DECATUR — School officials have described the former site of Woodrow Wilson Junior High as a “money pit,” ruling it out as a possible location for a new Dennis School.
The description came during a Monday meeting of the Decatur School Board’s finance committee.
Kent Metzger, building and grounds manager, told council members who were present that Woodrow Wilson, built in the 1930s, sits on 2.14 acres. At that time, students and many teachers walked to school because they lived nearby. With the need for parking lots now, this site would not be big enough, and buying houses nearby could take months or even longer, and in some cases might not be possible. The best the district could hope for in the corner where the building sits, bordered by Sunset, Oakland and Cottage Hill streets, is a total of 7.3 acres, which it says would be a tight fit.
However, during the initial phase of searching for properties in the west, Taylor said he discovered “a mess” when it came to property deeds. Of the 26 properties the district would have to purchase to acquire those 7.3 acres, many have disputed deeds and liens that would first need to be cleared. And if one of the owners refuses to sell, it might not even be possible to acquire the properties at all.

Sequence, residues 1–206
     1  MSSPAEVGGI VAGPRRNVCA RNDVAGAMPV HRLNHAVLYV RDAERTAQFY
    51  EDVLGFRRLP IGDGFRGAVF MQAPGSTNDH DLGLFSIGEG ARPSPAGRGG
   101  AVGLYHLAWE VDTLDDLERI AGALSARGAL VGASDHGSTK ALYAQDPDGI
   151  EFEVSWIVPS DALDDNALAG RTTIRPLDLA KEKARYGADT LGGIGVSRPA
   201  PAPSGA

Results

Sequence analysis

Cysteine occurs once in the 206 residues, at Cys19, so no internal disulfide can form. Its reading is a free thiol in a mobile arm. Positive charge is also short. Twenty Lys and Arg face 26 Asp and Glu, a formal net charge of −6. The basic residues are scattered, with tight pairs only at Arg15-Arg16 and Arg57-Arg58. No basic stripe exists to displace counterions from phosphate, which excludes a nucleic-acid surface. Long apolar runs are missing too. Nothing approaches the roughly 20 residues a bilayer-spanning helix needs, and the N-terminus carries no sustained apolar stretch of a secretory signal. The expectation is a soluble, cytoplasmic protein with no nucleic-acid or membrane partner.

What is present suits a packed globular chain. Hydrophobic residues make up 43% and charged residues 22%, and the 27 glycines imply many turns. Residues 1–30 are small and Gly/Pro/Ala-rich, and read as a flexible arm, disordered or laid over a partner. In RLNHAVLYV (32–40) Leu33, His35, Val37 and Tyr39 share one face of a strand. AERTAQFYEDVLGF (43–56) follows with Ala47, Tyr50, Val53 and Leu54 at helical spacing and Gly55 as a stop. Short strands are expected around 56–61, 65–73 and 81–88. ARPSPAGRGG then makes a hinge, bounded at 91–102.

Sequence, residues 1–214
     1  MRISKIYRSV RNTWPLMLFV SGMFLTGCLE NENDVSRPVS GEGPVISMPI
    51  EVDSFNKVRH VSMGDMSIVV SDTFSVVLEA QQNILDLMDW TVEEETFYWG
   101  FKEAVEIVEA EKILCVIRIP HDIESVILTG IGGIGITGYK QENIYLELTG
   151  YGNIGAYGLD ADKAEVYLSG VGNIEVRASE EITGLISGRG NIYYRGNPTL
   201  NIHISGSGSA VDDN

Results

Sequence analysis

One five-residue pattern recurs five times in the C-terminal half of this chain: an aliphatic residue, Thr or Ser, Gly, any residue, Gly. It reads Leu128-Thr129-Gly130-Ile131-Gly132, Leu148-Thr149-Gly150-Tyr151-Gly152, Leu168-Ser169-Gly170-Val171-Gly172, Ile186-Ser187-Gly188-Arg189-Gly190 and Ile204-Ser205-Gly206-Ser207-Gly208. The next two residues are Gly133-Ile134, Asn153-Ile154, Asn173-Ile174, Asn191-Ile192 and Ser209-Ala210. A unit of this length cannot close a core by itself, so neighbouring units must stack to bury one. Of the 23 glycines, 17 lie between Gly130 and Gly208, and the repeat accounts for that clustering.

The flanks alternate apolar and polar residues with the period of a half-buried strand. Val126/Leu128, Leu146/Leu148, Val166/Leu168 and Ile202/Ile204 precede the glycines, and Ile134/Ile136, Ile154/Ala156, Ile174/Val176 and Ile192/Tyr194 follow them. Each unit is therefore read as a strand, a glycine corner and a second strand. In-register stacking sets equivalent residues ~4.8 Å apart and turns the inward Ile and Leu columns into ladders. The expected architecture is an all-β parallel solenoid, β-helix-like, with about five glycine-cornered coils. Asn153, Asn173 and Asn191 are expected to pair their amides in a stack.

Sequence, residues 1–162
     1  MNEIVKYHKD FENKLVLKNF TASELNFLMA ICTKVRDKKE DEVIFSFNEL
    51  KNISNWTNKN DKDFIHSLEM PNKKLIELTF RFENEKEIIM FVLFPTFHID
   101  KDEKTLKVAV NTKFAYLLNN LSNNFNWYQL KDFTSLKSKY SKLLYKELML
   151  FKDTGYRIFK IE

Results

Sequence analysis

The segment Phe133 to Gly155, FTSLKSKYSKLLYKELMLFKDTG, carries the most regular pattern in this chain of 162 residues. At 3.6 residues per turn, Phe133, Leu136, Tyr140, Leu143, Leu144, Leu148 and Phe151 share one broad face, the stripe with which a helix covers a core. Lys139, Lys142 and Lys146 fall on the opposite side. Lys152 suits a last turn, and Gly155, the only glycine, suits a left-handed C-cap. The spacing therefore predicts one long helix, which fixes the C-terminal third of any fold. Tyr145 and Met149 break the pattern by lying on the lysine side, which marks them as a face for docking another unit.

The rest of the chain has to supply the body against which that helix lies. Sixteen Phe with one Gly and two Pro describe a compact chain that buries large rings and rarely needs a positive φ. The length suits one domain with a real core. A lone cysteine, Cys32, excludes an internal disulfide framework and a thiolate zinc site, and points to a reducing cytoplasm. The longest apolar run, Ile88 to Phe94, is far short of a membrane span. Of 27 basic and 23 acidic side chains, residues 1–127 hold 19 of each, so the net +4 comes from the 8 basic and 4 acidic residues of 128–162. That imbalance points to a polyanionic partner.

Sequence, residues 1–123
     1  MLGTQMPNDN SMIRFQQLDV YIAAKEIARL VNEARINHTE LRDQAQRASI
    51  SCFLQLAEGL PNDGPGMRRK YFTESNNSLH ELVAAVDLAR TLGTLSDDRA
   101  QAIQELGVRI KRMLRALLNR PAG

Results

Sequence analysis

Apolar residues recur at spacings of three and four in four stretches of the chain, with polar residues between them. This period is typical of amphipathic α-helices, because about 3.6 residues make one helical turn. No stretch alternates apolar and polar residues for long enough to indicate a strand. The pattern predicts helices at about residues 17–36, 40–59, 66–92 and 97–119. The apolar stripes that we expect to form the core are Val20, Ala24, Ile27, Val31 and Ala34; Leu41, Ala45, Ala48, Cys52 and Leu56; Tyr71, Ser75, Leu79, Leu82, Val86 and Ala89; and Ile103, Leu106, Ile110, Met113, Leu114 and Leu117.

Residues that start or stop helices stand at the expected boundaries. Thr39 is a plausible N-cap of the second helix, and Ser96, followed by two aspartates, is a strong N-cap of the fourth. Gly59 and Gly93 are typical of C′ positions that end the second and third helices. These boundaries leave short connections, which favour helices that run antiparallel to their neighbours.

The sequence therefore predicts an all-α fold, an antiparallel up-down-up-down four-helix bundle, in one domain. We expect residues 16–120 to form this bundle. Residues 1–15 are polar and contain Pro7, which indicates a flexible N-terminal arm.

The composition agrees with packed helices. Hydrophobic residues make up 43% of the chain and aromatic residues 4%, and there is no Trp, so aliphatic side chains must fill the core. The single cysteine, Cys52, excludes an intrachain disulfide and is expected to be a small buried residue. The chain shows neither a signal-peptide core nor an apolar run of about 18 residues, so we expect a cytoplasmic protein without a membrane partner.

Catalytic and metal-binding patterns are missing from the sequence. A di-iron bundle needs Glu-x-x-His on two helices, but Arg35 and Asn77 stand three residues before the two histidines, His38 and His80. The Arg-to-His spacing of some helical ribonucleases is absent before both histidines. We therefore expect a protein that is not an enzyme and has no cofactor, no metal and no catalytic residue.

The asbestos used in the construction of the building in the 1930s should be removed, and the building should be gutted and rebuilt, said board chairman Dan Oakes.
“It would be a money pit,” he said.
The board was looking to use federal COVID relief funds to build a new school to replace the existing Dennis School. These funds are expected to be utilized by September 2024, an unlikely prospect given all of the cited issues with acquiring the additional land that would be required.
The board had previously said it had done an exhaustive search of the western end of the district, where the new school should be located, and had initially chosen a portion of Lincoln Park. This site attracted much public opposition, but it was not until the Decatur Park Board decided not to sell the necessary property to the school district that the location was removed from consideration.
Those who oppose the Lincoln Park location have often cited the Woodrow Wilson site as an alternative. Board members repeatedly stated that the site was not a viable option, which was reiterated at the finance committee meeting.